Character Death In The Novel English Literature Essay

Category 1

"Study of the character Death in the novel The Book Thief through his narration"

Name: Mansi Hindocha

School code: 004976

Candidate number: 004976008

Word count - 3809

Table of contents

Content Page no.

Abstract 3

Introduction 4

Colours 5-6

Death as an artist 6

Food 7

Humour 7-8

Death as an immortal 8

Death as a human 8-9

Stereotype 10

Omniscient nature and first person narration 10

Conclusion 11

Abstract –

Markus Zusak’s The Book Thief is the first book I have read which is narrated by the omniscient entity – Death. In spite of the narrators unusual nature the book is effortlessly narrated in first person. The first person narration gives the reader a clear insight on Death’s astonishingly human yet immortal personality. This essay probes into the minute characteristics of Death observed through his colourful, insightful and amusing narration along with the use of unusual metaphors. It is quiet ironic that Death of all people should have such style and perception. What is even more baffling is that Death is given a human form as a narrator enabling him to have human characteristics too. The question "Study of the character Death in the novel The Book Thief through his narration" is answered by observing Death’s nature – what he feels, why he does what he does, how he sees the world and humans, his perception towards humans, his plight. It astonishes one when we notice Death to have more heart than a human can possess. Humans have stereotypical versions of Death barring them from a fresh perception on Death as a person. After reading and analyzing this book and observing Death’s narration style this essay has been written in order to clarify all the stereotypes and labels Death more often than not might have. This essay concludes that it is quiet inequitable of us humans to call Death by that mere name as there is so much to him than just what his job requires him to do. Also it would be rather heartless of our human hearts to not accept or at least give the opportunity of this new side of a very human Death to emerge.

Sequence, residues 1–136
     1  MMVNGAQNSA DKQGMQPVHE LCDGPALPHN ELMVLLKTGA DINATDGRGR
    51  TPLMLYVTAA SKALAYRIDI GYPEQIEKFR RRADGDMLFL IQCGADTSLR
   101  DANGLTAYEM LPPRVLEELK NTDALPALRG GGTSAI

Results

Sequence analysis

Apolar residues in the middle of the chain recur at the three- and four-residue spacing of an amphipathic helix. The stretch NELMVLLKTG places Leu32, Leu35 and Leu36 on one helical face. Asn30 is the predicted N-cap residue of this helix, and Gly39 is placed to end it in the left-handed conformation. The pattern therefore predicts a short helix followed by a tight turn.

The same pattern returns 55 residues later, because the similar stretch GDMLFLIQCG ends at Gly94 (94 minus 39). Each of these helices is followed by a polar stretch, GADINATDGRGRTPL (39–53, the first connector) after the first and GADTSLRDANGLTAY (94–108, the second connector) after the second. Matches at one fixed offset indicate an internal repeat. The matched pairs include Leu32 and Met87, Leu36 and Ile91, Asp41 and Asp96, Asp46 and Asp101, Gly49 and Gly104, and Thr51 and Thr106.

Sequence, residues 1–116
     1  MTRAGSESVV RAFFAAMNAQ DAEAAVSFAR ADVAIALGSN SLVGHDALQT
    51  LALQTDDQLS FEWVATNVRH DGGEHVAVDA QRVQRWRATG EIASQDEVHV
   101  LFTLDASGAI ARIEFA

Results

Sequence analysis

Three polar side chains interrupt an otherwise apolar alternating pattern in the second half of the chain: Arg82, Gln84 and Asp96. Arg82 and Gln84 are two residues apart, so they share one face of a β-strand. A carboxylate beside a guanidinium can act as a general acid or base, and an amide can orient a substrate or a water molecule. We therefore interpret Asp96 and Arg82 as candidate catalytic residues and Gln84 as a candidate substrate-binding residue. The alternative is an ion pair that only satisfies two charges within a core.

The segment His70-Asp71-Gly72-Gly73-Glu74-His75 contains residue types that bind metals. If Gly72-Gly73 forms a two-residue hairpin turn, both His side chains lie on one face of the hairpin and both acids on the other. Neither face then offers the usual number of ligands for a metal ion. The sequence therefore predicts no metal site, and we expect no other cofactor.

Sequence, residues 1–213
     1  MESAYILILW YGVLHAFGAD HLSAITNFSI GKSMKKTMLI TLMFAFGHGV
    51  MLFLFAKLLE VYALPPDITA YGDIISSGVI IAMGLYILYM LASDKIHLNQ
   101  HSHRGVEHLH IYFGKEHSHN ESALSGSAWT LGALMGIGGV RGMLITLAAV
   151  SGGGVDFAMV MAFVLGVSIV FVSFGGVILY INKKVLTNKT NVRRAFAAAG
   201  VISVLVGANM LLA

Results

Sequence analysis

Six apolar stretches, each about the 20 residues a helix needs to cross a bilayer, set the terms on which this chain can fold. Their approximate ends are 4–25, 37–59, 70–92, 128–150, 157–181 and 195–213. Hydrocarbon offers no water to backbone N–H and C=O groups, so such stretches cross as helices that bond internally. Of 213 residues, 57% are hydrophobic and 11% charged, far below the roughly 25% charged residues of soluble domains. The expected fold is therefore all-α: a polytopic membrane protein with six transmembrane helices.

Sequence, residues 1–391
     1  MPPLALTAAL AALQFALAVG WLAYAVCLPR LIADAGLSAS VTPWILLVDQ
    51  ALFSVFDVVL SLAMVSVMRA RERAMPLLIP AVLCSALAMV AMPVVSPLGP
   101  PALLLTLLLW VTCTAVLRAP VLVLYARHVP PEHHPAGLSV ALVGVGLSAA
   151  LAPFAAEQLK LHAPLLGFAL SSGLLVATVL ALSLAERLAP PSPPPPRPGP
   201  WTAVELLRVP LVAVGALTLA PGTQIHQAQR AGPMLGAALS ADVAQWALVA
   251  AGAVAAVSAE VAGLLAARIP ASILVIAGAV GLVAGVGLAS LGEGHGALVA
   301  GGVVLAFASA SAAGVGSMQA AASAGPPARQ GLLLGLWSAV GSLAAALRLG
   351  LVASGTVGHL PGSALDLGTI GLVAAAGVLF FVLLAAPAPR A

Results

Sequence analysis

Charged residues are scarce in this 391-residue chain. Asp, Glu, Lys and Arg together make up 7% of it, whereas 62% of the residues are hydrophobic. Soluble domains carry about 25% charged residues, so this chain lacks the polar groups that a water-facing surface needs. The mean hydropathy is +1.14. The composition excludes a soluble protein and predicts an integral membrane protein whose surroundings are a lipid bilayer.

Word count: 287

Introduction -

The Book Thief –by Markus Zusak is set in Nazi Germany, during the reign of Hitler. The majority of the book roughly takes place from 1939 to 1945. Though the story mostly revolves around Liesel, the protagonist, the war is always parallel or in better words omniscient throughout. Unlike the numerous holocaust and Second World War books, this book sheds light on the other side of the Nazi Germany where "there were rebellious children and people who didn’t follow the rules and hid Jews and other people in their houses" [1] . Many have written books with World War 2 as their setting but what makes this book different is its narrating style which is done by Death, the narrator here.